Relationship between health insurance status and the pattern of traditional medicine utilisation in Ghana
Evidence-Based Complementary and Alternative Medicine
Hindawi Publishing Corporation
This paper examines the relationship between national health insurance status and the pattern of traditional medicine (TRM) use among the general population in Ghana. A retrospective cross-sectional survey of randomly sampled adults, aged ≥18 years (𝑁 = 324), was conducted. The results indicate that TRM use was high with prevalence of over 86%. The study found no statistically significant association between national health insurance status and TRM utilisation (𝑃 > 0.05). Paradoxically, major sources of TRM, frequency of TRM use, comedical administration, and disclosure of TRM use to health care professionals differed significantly between the insured and uninsured subgroups (𝑃 < 0.001). Whereas effectiveness of TRM predicted its use for both insured [odds ratio (OR) = 4.374 (confidence interval (CI): 1.753–10.913; 𝑃 = 0.002)] and uninsured [OR = 3.383 CI: 0.869–13.170; 𝑃 = 0.039)], work experience predicted TRM use for the insured [OR = 1.528 (95% CI: 1.309–1.900; 𝑃 = 0.019)]. Cultural specific variables and health philosophies rather than health insurance status may influence health care-seeking behaviour and TRM use. The enrollment of herbal-based therapies on the national health insurance medicine plan is exigent to ensure monitoring and rational use of TRM towards intercultural health care system in Ghana.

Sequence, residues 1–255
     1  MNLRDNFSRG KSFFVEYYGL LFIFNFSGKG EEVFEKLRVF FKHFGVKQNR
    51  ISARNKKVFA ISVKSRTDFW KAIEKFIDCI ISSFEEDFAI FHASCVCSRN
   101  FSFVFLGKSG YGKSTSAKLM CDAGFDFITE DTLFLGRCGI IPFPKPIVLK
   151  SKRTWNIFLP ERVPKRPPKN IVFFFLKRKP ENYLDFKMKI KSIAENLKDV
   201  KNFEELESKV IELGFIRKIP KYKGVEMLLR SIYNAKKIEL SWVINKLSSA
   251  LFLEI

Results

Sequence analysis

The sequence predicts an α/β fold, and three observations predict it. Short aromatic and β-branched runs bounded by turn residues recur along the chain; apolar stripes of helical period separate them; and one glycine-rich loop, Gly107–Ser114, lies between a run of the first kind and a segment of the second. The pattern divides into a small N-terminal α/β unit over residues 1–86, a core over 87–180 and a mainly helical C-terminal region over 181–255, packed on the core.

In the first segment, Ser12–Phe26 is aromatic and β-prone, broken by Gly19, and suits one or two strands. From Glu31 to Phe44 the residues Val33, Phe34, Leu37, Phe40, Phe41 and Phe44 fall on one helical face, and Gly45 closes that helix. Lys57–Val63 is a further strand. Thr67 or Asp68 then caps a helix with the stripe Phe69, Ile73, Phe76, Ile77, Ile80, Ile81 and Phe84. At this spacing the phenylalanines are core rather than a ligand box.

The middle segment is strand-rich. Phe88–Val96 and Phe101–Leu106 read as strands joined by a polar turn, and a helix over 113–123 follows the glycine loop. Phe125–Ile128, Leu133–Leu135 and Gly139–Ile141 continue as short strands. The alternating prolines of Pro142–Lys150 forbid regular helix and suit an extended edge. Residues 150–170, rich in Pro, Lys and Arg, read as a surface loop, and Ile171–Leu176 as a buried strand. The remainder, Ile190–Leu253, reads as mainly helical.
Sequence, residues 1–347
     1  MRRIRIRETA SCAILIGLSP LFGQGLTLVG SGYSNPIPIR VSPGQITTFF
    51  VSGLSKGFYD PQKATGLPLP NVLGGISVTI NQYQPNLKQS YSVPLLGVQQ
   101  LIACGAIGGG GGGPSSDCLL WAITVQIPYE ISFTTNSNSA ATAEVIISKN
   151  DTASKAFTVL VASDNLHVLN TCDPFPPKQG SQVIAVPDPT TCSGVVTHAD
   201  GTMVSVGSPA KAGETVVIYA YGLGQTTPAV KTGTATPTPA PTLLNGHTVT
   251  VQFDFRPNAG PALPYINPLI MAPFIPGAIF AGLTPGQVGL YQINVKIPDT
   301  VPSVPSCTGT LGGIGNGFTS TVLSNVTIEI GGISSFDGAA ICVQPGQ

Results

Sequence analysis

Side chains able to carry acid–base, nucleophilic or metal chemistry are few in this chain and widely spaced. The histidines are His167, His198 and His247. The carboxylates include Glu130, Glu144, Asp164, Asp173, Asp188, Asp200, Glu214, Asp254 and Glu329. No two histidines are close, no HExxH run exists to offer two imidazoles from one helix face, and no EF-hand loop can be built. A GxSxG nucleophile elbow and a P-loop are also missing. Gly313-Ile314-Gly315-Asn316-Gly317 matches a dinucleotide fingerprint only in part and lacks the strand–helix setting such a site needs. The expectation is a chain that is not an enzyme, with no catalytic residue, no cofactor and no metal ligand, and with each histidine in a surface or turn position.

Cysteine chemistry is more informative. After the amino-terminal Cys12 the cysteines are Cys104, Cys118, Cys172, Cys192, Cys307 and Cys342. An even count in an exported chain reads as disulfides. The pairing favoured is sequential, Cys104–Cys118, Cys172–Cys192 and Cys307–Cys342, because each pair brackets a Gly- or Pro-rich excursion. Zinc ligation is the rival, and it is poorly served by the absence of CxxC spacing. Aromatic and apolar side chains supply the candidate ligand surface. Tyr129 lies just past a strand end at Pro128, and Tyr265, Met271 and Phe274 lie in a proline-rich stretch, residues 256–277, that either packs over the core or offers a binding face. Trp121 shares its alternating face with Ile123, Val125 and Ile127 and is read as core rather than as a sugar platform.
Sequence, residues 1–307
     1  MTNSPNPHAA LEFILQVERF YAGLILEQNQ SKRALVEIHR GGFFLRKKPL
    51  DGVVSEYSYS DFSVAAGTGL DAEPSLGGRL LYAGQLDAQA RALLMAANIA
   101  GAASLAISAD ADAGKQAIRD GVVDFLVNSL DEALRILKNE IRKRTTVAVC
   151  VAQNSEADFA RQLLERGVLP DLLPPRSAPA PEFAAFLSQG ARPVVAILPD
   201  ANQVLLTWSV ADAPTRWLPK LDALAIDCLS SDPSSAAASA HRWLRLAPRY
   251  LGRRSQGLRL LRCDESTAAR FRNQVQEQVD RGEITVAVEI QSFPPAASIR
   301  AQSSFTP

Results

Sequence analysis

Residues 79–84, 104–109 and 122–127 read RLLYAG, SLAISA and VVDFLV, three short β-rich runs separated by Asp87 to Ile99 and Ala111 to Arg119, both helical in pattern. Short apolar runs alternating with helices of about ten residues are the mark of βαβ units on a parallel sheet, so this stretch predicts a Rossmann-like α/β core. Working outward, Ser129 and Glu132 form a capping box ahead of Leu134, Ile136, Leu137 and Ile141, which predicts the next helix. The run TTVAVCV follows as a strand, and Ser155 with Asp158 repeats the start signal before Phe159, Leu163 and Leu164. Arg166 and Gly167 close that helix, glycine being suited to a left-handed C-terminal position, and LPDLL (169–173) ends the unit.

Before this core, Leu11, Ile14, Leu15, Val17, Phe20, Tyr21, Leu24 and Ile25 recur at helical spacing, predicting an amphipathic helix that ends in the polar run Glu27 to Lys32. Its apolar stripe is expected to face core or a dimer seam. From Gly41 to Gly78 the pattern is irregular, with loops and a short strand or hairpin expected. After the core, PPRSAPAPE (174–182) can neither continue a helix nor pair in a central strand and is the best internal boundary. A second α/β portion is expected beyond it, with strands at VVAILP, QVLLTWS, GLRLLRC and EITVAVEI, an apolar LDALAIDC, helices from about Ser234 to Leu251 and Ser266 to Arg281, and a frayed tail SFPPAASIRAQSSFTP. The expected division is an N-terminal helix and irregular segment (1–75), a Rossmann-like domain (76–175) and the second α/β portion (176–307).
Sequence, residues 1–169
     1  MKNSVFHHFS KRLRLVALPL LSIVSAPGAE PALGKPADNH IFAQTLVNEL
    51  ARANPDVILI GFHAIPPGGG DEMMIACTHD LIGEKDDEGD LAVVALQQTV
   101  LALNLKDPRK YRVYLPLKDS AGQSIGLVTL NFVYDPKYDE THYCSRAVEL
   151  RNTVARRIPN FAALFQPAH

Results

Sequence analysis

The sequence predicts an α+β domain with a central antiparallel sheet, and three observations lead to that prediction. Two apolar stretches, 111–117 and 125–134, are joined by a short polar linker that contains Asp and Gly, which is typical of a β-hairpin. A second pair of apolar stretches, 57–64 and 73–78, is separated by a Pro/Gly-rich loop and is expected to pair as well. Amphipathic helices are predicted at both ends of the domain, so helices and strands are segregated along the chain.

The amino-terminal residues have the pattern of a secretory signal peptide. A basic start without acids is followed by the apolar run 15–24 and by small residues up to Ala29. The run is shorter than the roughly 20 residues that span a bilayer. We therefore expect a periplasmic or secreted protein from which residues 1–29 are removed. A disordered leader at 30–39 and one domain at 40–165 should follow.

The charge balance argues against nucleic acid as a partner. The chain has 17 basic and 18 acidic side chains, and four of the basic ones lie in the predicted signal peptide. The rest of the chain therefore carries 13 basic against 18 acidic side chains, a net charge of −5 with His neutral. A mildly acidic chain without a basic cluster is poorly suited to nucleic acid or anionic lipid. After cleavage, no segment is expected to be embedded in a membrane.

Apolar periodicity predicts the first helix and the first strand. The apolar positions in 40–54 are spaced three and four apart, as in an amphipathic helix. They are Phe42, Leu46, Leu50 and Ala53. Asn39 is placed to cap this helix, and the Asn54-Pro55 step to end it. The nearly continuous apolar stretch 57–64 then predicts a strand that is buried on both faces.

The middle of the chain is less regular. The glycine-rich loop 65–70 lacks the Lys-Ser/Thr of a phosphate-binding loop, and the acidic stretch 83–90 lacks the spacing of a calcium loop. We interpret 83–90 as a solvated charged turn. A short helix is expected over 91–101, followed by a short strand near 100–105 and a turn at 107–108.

Funding for this study was provided by the Council for the Development of Social Science Research in Africa (COSEDRIA) (Ref. SGRT.46/T12) and the Institute for Research in Africa & the French Embassy in Ghana Grant Programme (Grant no. IFRA-Nigeria/2012) through their Small Grants for Thesis Writing Programmes.
Copyright © 2015 Razak Mohammed Gyasi.
Gyasi, R. M. (2015). Relationship between health insurance status and the pattern of traditional medicine utilisation in Ghana. Evidence-Based Complementary and Alternative Medicine, 2015, 1-10. doi:10.1155/2015/717926